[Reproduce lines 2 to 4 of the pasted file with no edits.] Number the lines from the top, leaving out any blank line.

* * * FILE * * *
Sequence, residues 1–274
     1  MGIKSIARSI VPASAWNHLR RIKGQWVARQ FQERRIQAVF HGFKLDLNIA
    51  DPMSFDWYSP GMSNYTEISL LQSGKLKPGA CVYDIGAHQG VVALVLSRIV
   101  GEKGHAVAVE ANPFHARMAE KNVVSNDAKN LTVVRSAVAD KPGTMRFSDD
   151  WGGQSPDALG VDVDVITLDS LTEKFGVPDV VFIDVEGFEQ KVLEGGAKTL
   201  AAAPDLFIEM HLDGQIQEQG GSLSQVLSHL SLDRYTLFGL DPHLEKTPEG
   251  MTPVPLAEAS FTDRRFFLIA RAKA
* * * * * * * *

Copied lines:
     1  MGIKSIARSI VPASAWNHLR RIKGQWVARQ FQERRIQAVF HGFKLDLNIA
    51  DPMSFDWYSP GMSNYTEISL LQSGKLKPGA CVYDIGAHQG VVALVLSRIV
   101  GEKGHAVAVE ANPFHARMAE KNVVSNDAKN LTVVRSAVAD KPGTMRFSDD